Update August 2021 – this information has been superseded by the information on this webpage: Resources for farmers on Mycoplasma bovis
National surveillance is carried out around the country to give us assurance that M. bovis is not widespread and on occasions it can help find the disease faster than tracing movements of infected animals. It will be a key component in providing confidence in the future that we are free from the disease.
As well as sampling at meat processing plants and a national feedlot, our beef sector surveillance includes samples taken for testing at the same time as on-farm TB testing. This is an effective method that reduces disruption to farming activities.
What’s changing for beef surveillance?
A wider range of farms will now be part of the National Beef Survey for M. bovis. All herds rearing beef cattle for slaughter can now be selected, previously only beef breeding herds were considered. The minimum number of cattle required for sampling has also reduced, while the maximum sample size in some regions has increased.
Why is this changing?
Sampling beef breeding herds has been underway for most of 2020. At this stage in the eradication programme, it’s important the Programme goes as broad as possible and include herds with a higher risk of being infected as a result of cattle movements from the dairy sector. Based on data so far, the Programme is also confident lowering the required sample size will pose a minimal risk of larger numbers of false positives.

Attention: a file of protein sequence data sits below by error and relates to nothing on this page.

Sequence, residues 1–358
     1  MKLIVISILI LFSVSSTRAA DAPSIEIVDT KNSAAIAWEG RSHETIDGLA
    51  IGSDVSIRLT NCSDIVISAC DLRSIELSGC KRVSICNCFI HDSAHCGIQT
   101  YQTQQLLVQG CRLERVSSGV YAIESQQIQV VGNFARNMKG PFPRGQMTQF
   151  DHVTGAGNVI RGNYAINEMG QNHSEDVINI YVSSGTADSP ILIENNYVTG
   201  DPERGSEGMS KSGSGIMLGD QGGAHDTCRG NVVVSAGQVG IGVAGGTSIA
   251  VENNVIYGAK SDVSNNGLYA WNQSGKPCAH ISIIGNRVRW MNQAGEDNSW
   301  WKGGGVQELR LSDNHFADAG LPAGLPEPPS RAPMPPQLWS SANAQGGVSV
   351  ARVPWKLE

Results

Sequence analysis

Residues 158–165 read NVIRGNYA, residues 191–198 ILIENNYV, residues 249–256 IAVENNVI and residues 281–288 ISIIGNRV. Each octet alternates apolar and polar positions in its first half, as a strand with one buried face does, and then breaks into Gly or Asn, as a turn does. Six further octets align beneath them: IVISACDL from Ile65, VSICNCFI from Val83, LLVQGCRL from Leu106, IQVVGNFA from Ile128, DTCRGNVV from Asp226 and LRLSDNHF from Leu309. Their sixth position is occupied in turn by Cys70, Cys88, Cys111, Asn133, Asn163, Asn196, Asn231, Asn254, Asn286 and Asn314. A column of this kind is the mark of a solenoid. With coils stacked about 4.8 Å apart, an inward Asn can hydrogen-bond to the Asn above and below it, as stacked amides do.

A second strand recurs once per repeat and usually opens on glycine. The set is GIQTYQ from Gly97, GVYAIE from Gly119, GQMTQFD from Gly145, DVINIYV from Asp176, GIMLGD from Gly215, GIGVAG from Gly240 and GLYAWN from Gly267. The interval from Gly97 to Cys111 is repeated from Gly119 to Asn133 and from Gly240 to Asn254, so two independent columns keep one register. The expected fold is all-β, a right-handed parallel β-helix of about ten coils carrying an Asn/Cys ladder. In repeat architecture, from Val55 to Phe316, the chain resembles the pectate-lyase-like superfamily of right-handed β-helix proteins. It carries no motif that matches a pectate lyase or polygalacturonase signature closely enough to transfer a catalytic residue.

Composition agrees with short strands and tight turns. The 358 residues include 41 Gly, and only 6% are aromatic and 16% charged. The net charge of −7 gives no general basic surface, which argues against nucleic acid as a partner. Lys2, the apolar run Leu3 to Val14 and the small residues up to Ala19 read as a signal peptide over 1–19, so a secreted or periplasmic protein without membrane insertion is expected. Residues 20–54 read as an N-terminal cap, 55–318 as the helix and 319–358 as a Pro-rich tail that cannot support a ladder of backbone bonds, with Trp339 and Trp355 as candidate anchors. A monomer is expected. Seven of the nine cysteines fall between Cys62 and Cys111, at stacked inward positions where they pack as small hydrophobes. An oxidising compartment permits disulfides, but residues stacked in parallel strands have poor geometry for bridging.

What are the benefits of the changes?
It allows the Programme to survey more farms more quickly. If undetected infection exists in the beef sector, the Programme is more likely to find it, contain it, control it and ultimately eradicate M. bovis faster.
Who does this affect?
This affects beef farmers who are running groups of finishing cattle which can subject to testing for TB.
What does this mean for farmers?
Some additional time will be required during TB testing. A very small number of properties will have further testing on top of this.
For farmers, it means infected herds will be identified more quickly and stopped from spreading the infection further, meaning faster progress will be made toward eradication of the disease from New Zealand.